Scientists try to measure love

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Leave it to science to take all the fun out of something as cosmically pure as love.

Theories about love’s purpose range from the biologically practical to the biologically complicated. Anthropologists have said it helps ensure reproduction of the species; attachment theorists maintain it’s a byproduct of our relationship with our childhood caregivers. And now researchers are exploring what happens physiologically as a romantic relationship progresses.

The more we understand it, they say, the better our chances of making love last and of harnessing its potential to improve our emotional and physical well-being.

Whatever its reason, there can be little doubt -- even from a scientific standpoint -- about the potent feelings that being in love elicits.

Arthur Aron, a social psychologist at Stony Brook University in New York, has done brain scans on people newly in love and found that after that first magical meeting or perfect first date, a complex system in the brain is activated that is essentially “the same thing that happens when a person takes cocaine.”

In one such study, published in 2005, Aron recruited 10 women and seven men who had fallen in love within the last one to 17 months. After taking a brief survey about the relationship (items included statements such as “I melt when looking deeply into ____’s eyes”), participants were put in MRI machines and shown pictures of their beloved, interspersed with pictures of neutral acquaintances. When participants viewed images of their partners, their brains’ ventral tegmental area, which houses the reward and motivation systems, was flooded with the chemical dopamine.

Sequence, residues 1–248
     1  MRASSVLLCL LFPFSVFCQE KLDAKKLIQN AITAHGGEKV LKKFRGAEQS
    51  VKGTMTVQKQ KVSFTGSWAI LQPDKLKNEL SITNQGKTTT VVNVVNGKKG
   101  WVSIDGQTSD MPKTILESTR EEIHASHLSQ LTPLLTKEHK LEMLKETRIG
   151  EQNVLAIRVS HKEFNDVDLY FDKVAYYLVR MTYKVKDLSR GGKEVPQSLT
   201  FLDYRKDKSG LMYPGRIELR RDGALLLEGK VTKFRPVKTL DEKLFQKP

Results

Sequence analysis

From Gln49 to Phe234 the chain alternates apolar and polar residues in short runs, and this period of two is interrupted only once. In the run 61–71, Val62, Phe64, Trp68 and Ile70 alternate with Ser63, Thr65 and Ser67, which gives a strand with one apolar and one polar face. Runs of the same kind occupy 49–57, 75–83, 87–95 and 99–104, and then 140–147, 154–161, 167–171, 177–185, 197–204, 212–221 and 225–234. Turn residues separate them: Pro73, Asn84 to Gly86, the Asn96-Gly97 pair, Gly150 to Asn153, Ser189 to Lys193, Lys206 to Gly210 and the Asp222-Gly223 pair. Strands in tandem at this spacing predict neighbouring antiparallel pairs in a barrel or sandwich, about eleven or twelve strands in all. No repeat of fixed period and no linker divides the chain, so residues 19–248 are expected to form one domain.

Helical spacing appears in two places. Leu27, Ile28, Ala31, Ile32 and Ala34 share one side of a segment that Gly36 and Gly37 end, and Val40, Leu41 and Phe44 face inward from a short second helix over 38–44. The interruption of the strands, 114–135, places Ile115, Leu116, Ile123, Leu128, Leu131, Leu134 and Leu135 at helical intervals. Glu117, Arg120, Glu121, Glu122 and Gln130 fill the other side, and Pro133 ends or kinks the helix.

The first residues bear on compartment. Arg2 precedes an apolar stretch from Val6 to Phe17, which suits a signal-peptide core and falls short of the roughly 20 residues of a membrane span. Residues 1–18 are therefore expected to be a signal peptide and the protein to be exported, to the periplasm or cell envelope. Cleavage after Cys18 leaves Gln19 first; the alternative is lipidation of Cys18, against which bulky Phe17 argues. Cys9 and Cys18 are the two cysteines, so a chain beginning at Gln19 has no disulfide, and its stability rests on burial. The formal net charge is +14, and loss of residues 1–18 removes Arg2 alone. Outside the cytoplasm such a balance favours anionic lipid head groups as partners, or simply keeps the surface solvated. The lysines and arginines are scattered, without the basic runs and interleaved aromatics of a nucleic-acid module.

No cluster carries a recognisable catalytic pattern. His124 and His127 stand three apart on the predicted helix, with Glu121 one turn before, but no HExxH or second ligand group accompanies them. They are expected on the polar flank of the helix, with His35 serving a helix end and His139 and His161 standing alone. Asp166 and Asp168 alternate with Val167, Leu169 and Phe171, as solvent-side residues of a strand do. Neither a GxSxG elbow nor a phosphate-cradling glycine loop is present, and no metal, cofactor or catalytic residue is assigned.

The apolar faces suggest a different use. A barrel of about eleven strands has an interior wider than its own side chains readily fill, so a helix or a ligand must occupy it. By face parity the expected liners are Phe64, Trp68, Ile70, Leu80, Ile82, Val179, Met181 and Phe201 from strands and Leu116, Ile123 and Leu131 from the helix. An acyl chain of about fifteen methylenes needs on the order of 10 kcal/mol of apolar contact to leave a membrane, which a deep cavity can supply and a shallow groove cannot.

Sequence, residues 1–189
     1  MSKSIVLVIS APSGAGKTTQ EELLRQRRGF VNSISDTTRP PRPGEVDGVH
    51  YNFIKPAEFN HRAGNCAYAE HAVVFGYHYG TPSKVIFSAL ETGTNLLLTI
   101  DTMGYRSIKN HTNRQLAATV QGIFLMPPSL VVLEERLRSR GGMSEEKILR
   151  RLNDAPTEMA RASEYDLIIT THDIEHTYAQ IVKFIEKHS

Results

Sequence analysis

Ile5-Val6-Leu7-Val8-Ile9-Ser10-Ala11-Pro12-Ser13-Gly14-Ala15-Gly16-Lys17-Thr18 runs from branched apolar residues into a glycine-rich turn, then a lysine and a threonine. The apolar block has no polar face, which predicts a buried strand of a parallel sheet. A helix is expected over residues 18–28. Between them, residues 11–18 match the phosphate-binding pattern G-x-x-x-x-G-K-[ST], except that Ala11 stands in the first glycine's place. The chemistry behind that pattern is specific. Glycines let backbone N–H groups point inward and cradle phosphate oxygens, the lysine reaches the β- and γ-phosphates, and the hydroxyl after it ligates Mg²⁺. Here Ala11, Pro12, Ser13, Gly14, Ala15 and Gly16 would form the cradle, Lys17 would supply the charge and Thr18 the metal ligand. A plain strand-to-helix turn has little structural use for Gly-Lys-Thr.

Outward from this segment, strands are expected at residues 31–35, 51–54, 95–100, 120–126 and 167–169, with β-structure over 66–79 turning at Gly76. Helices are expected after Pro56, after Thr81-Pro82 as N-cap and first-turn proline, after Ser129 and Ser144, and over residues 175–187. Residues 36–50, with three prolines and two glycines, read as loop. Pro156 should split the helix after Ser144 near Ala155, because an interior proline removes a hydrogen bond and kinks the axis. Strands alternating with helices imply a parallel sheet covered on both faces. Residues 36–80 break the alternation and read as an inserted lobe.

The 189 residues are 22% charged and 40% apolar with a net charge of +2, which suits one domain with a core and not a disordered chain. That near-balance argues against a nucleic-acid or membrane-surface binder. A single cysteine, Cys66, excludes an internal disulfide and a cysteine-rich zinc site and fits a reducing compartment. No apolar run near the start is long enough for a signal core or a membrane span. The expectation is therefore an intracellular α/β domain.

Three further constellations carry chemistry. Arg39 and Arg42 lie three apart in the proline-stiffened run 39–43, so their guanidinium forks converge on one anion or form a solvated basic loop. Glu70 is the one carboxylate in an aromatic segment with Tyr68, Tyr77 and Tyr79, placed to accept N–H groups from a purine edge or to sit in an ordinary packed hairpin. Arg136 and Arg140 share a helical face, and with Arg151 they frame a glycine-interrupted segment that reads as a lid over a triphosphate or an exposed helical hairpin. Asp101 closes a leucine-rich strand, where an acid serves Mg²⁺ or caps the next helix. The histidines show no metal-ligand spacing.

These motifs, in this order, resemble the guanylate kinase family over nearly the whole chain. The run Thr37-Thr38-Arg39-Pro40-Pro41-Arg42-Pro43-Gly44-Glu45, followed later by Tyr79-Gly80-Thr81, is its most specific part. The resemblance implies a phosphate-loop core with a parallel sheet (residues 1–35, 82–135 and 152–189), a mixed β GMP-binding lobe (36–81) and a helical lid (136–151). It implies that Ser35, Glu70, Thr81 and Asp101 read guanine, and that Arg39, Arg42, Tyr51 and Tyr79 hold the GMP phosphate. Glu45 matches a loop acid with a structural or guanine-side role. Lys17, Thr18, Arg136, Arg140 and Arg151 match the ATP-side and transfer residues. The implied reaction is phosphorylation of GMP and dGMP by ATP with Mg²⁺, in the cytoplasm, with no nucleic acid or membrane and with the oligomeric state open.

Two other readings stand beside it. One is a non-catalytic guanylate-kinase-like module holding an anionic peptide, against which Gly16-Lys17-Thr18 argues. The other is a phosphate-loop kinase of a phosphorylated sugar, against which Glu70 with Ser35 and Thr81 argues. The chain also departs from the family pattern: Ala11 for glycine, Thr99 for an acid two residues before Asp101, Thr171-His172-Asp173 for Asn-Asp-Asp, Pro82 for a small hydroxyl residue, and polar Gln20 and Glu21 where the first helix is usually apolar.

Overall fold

“Dopamine is released when you’re doing something [highly] pleasurable,” like having sex, doing drugs or eating chocolate, says Larry J. Young, a psychiatry professor at the Yerkes National Primate Research Center at Atlanta’s Emory University. Activation of this part of the brain is primarily responsible for causing the sometimes bizarre behavior of new couples, which is linked to motivation and achieving goals: excessive energy, losing sleep, euphoric feelings and, occasionally, anxiety and obsession when they’re separated from their objet d’amour.

According to Helen Fisher, a biological anthropologist and author of “Why Him? Why Her?,” the smitten party is acting out of a motivation to “win life’s greatest prize -- a mating partner for life.”